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Weeping Willow Trees

Weeping Willows are large graceful fast growing shade trees with wispy branches that sway in the slightest breeze.

They are very fast growers and can get up to 50 feet high, but around 30 to 35 feet is more realistic for the desert Southwest.

They require full sun and lots of water. Soil must be kept moist around these trees or stress induced problems start to emerge.

The trees in the top photo are growing in the Mesilla Valley of New Mexico, where the water table is high because of the Rio Grande river and they are most likely flood irrigated. That is why they look so healthy.

Healthy-looking, older Weeping Willow trees are actually very hard to find in the desert Southwest, lack of water is usually the heart of the problem.

Weeping Willows are one of the first trees to leaf-out in the spring. Small tassels are followed by long slender leaves. Really a beautiful tree when taken care of properly.

Weeping Willows, like their cousin the Globe Willow, have several inherent problems. The tree will drop leaves and branches even when healthy, when stressed it will drop even more. This is a natural process called Cladoptosis and can be a very messy problem, which occurs year-round.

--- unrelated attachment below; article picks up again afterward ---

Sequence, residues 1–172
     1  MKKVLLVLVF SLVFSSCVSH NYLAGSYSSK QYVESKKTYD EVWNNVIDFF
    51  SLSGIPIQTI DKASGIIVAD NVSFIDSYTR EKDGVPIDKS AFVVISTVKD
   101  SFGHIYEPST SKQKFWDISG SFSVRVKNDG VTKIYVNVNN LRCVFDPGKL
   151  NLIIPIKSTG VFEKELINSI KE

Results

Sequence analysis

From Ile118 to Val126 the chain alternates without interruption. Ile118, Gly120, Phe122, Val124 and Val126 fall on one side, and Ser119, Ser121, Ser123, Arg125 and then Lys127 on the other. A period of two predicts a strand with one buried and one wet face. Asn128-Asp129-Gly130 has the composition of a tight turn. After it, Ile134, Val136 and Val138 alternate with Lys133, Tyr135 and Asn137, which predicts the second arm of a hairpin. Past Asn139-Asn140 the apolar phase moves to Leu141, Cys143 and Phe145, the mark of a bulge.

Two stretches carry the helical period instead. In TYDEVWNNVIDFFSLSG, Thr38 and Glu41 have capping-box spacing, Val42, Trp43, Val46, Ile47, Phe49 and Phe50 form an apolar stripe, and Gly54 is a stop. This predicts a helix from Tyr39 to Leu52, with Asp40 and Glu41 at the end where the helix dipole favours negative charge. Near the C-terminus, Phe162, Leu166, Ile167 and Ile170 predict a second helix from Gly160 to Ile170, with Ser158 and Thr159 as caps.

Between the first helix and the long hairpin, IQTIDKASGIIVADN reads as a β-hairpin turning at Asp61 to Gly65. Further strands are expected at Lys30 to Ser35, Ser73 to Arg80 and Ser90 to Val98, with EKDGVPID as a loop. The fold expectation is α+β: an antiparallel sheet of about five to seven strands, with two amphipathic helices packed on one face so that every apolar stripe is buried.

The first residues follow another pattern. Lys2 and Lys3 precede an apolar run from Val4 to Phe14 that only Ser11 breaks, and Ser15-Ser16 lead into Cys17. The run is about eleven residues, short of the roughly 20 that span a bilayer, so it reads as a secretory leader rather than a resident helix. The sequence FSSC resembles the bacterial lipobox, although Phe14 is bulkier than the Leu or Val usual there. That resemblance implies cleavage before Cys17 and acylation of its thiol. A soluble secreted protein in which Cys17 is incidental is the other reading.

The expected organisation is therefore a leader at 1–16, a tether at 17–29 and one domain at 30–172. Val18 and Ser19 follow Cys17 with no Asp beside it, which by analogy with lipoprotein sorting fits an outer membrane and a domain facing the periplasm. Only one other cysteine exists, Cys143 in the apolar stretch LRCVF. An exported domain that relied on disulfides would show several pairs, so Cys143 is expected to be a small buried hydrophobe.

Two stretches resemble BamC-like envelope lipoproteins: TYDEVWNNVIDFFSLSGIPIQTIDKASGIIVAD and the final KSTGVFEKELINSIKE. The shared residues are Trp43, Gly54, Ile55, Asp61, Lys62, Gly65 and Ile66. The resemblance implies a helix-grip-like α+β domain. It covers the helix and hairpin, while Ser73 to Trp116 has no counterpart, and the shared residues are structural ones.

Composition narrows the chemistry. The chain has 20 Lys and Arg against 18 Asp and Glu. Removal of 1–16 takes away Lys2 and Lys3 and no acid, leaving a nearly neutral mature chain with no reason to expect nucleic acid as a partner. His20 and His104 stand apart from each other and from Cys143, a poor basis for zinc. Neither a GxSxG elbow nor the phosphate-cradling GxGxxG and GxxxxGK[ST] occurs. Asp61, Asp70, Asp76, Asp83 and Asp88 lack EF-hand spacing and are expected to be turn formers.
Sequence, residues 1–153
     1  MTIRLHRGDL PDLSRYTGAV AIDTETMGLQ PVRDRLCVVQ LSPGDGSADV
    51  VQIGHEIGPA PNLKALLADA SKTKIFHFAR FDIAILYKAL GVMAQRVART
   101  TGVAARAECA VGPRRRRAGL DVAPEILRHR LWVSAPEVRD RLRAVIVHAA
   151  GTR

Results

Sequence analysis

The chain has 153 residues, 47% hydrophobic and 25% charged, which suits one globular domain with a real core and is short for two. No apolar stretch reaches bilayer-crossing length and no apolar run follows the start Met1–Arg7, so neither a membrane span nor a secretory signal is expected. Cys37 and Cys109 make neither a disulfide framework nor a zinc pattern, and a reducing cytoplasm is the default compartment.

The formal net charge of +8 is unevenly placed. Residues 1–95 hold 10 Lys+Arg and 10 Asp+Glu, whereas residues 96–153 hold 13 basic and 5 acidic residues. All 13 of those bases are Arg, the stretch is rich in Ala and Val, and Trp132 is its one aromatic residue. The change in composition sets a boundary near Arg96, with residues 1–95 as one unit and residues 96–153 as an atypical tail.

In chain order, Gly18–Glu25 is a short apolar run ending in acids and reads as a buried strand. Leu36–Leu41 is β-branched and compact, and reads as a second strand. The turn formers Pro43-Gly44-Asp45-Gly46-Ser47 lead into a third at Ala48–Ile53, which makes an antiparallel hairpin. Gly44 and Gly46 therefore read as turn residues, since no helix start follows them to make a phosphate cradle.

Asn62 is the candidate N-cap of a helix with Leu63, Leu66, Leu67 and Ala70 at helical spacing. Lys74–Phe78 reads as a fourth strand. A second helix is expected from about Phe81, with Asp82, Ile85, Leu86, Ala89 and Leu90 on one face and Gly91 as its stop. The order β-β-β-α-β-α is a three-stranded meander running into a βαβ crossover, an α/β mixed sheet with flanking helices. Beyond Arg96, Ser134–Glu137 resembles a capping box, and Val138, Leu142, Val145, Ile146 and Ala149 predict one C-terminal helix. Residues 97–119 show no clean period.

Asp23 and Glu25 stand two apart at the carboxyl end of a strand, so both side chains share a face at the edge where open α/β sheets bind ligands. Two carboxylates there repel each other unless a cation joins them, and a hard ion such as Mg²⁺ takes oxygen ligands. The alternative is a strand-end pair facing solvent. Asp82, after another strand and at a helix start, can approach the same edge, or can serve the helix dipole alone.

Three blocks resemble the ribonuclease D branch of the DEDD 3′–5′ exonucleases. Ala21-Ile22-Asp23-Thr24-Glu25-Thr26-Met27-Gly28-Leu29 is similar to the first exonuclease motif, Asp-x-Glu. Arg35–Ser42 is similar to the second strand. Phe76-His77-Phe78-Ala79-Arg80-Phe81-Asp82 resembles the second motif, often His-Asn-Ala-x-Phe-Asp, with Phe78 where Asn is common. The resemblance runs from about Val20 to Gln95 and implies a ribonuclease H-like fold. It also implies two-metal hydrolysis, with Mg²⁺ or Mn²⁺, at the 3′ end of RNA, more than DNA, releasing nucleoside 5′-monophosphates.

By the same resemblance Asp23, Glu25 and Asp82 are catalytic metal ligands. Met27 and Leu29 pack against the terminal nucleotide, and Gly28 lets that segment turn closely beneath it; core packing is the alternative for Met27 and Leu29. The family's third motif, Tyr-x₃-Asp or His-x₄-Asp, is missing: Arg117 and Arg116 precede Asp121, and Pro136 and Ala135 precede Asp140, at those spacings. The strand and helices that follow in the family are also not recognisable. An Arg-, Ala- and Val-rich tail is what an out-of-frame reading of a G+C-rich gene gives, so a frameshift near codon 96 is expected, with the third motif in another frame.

High winds will also break branches, as the tree has very soft wood.

Insects and diseases seem to plague this tree more than others.

Borers love the tree, as well as aphids and spider mites.

The disease "Frothy flux" runs rampant in willows and the fungus disease "Cytospora canker" is very devastating to willows. Stress tends to invite these diseases, so proper care is essential for a well-shaped, healthy Weeping Willow tree.

 

Healthy Weeping Willow trees
Healthy Weeping Willows
Iron deficient Weeping Willow tree
Weeping willow, iron deficient
 
Dying Weeping Willow tree
Weeping Willow, dying from lack of water

   

Photography © www.martymoore.com

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